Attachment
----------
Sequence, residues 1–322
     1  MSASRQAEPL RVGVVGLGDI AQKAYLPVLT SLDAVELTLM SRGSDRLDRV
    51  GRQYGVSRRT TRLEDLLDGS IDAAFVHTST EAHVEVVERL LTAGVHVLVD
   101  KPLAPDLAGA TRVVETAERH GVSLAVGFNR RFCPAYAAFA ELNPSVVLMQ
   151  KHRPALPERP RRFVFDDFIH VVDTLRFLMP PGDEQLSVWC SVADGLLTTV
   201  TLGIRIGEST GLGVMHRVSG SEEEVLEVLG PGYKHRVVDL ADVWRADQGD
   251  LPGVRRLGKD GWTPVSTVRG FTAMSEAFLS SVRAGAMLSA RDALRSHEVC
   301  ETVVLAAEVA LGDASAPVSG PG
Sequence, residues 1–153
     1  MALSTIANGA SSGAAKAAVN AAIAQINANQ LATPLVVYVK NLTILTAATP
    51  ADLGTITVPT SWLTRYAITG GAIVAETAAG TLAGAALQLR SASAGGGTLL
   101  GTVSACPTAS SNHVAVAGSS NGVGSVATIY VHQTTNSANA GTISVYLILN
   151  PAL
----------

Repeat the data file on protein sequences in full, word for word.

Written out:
Sequence, residues 1–322
     1  MSASRQAEPL RVGVVGLGDI AQKAYLPVLT SLDAVELTLM SRGSDRLDRV
    51  GRQYGVSRRT TRLEDLLDGS IDAAFVHTST EAHVEVVERL LTAGVHVLVD
   101  KPLAPDLAGA TRVVETAERH GVSLAVGFNR RFCPAYAAFA ELNPSVVLMQ
   151  KHRPALPERP RRFVFDDFIH VVDTLRFLMP PGDEQLSVWC SVADGLLTTV
   201  TLGIRIGEST GLGVMHRVSG SEEEVLEVLG PGYKHRVVDL ADVWRADQGD
   251  LPGVRRLGKD GWTPVSTVRG FTAMSEAFLS SVRAGAMLSA RDALRSHEVC
   301  ETVVLAAEVA LGDASAPVSG PG
Sequence, residues 1–153
     1  MALSTIANGA SSGAAKAAVN AAIAQINANQ LATPLVVYVK NLTILTAATP
    51  ADLGTITVPT SWLTRYAITG GAIVAETAAG TLAGAALQLR SASAGGGTLL
   101  GTVSACPTAS SNHVAVAGSS NGVGSVATIY VHQTTNSANA GTISVYLILN
   151  PAL